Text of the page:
What to Eat During an IBS Flare-Up?

Have you ever felt held captive in your own home due to fear of stepping too far away from the washroom?

Not fun.

I think most of us have been there at some point or another, whether it be from eating some food that didn’t agree with us, having a bout of food poisoning, or some sort of stomach bug.

The ensuing result is often a raw, agitated, and unhappy gut, perhaps coupled with abdominal pain due to one too many trips to the loo.

If you suffer from Irritable Bowel Syndrome (IBS), with a tendency towards IBS-D, or any another other type of intestinal disorder of a similar nature, you’re likely a little more familiar with these types of episodes.

Even if your symptoms are pretty well-managed most days, if you have a sensitive gut to begin with, you may still find yourself with a flare-up every now and then, whether it be every few months, or even just a few times per year.

For some people, unfortunately, this is a much more frequent occurrence.

(By the way, if this sounds like you and you want help getting these symptoms under control so you can return to some form of normalcy in your life, I invite you to book a complimentary, no-obligation clarity phone session with me and I will help you. You can access my calendar on this page).

Everyone has their own triggers, but often times these flare-ups are provoked by certain foods or eating habits, and a lot of the time stress is a HUGE contributing factor. It can be a bit of a vicious cycle too because the symptoms themselves are enough to bring on more stress and anxiety, causing even further digestive distress.

Sooo…

What to eat when you’re experiencing a flare-up in symptoms?

This can sometimes be tricky because although you’re feeling uncomfortable, you’re not necessarily sick, so you may still in fact have quite an appetite.

Here’s what I suggest

The goal should be to soothe your system without causing any further irritation, while providing easy-to-digest nourishment and fuel.

Keep in mind we all have our own individual triggers – so if you know that something is disagreeable with you, obviously you should avoid it.

I know it sounds a bit like a cliché, but honestly, the best advice is to listen to your gut. Intuitively you know if something feels off-putting to you or if it may upset things further.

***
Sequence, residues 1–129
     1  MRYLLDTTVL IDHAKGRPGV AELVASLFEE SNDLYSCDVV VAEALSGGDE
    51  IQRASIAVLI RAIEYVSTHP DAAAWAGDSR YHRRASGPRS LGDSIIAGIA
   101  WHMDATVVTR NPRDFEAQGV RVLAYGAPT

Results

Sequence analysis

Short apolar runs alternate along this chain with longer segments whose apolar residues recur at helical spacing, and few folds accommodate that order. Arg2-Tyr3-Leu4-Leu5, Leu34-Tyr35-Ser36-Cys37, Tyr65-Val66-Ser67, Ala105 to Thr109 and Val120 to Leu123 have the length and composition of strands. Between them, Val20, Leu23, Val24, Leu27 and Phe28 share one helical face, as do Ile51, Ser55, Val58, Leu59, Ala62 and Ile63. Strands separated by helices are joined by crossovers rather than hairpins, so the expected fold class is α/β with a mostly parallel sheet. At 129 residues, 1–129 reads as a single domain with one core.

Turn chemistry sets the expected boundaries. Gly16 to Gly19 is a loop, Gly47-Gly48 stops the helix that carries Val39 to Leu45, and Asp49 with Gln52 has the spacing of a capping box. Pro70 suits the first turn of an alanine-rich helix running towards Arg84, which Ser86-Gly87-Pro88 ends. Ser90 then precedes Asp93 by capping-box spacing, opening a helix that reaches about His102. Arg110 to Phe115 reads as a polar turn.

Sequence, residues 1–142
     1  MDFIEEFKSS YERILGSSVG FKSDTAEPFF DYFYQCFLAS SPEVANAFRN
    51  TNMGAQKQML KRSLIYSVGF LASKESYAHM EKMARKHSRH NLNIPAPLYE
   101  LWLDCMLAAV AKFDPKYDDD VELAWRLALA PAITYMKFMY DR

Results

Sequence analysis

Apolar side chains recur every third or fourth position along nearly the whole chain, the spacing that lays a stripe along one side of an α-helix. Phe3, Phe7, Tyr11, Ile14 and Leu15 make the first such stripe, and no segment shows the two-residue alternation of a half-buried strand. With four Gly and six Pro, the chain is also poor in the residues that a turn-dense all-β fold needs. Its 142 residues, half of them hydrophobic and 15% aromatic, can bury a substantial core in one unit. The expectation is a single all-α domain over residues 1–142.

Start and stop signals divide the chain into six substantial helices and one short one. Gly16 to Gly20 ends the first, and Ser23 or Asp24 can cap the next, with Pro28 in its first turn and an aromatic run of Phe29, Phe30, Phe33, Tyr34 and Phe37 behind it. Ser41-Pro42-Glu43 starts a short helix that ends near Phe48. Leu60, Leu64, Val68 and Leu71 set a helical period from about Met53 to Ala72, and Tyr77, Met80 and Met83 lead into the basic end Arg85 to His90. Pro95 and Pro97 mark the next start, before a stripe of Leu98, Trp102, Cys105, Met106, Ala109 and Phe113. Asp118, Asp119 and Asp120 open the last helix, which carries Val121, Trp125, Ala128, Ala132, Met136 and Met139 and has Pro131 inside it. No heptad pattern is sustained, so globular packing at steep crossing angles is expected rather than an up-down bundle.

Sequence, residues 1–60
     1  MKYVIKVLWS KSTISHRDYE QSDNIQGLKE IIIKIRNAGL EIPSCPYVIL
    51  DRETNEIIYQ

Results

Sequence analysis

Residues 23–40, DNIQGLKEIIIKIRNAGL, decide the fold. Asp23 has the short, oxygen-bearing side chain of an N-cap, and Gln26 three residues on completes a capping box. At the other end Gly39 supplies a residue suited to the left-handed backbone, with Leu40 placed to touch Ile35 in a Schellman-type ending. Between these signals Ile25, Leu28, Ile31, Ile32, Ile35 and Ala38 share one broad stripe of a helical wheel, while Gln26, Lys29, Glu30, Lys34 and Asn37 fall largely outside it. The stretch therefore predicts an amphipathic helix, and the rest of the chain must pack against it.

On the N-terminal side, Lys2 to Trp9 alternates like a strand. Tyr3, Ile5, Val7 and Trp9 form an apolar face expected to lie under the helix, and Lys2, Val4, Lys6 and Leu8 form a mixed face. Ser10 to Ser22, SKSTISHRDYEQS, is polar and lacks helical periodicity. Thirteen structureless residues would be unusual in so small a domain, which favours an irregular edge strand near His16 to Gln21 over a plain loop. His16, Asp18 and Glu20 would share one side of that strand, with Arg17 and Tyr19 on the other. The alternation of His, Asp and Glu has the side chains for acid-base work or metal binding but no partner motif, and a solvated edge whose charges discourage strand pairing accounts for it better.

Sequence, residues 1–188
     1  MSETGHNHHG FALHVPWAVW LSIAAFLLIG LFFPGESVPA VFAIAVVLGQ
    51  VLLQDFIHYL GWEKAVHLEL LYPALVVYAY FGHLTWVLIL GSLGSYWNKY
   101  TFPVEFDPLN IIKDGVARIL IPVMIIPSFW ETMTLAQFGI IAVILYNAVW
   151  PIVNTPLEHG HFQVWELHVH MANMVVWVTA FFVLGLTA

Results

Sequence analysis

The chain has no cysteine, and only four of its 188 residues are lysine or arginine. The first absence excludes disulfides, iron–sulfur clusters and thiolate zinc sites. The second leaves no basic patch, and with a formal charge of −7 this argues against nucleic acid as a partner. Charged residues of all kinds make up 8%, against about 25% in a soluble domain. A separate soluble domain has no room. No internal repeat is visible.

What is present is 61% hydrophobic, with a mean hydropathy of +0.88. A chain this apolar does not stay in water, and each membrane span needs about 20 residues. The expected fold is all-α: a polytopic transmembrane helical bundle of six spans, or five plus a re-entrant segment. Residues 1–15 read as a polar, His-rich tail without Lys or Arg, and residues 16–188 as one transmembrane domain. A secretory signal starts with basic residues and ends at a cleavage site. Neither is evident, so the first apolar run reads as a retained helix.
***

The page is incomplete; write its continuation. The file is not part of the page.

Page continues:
It will depend on the severity of your symptoms, but you can eat these foods for a period of time. For some people it may be up to a week or longer. For others it may be 3 or 4 days.

Don’t worry about getting in any particular ratio of macronutrients.

*Also, please keep in mind that it’s still important to get to the bottom of your own triggers (if you’re unaware of them) to help reduce the frequency and severity of future flare-ups.

 

What to Eat During an IBS Flare-Up?

But first…

If you don’t have much of an appetite, there’s no need to force feed yourself. Often just sipping on nourishing liquids like warm broths, soups, and purées is a nice way to give your digestive system a little rest.

Also, it’s the dead of winter right now where I’m located, so most of these foods are warming and take into account the cooler climate.

Lastly, I’ve made mention of FODMAPs since they can be a trigger for IBS-sufferers, however, if they’re not an issue for you, or you’re not keen on making an effort to eliminate/reduce them at the moment, feel free to eat them as you please. You can read more about the Low FODMAP diet here.

1) Bone broth, Veggie broth, Clear soups, Purées. Omit most high FODMAP veggies like garlic and onion if possible, although it might not be if it’s a ready-made soup. Also avoid soups made with cruciferous veggies such as broccoli and cauliflower which can contribute to more gas production.

I shared a recipe for my nourishing homemade veggie broth over on my Instagram (omit the onion if you know it to be an issue), but if you don’t have the patience or time for homemade then picking up ready-made broths is an easy option. There are some nice ones found in tetra-paks or glass jars.

2) Cooked and Easy-to-Digest Veggies. Green beans, zucchini, okra, carrots, etc. Avoid raw veggies or anything with tough skins or stems.

3) Bananas. Not overly ripe, but not green either (the image above is a good reference, actually).